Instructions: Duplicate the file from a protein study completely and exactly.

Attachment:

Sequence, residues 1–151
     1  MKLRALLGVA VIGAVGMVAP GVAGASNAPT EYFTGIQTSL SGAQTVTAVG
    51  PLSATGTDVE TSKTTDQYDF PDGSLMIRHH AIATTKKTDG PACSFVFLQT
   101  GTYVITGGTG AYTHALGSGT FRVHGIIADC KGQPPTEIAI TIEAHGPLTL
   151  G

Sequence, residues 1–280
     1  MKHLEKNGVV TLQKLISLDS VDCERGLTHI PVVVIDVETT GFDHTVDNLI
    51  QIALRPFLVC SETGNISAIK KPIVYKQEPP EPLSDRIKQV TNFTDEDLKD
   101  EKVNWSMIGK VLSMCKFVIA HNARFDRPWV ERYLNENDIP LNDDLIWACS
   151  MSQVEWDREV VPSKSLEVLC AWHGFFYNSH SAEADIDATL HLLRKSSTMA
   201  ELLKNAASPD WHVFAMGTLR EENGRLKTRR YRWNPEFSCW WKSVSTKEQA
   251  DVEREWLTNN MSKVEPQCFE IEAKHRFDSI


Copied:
Sequence, residues 1–151
     1  MKLRALLGVA VIGAVGMVAP GVAGASNAPT EYFTGIQTSL SGAQTVTAVG
    51  PLSATGTDVE TSKTTDQYDF PDGSLMIRHH AIATTKKTDG PACSFVFLQT
   101  GTYVITGGTG AYTHALGSGT FRVHGIIADC KGQPPTEIAI TIEAHGPLTL
   151  G

Sequence, residues 1–280
     1  MKHLEKNGVV TLQKLISLDS VDCERGLTHI PVVVIDVETT GFDHTVDNLI
    51  QIALRPFLVC SETGNISAIK KPIVYKQEPP EPLSDRIKQV TNFTDEDLKD
   101  EKVNWSMIGK VLSMCKFVIA HNARFDRPWV ERYLNENDIP LNDDLIWACS
   151  MSQVEWDREV VPSKSLEVLC AWHGFFYNSH SAEADIDATL HLLRKSSTMA
   201  ELLKNAASPD WHVFAMGTLR EENGRLKTRR YRWNPEFSCW WKSVSTKEQA
   251  DVEREWLTNN MSKVEPQCFE IEAKHRFDSI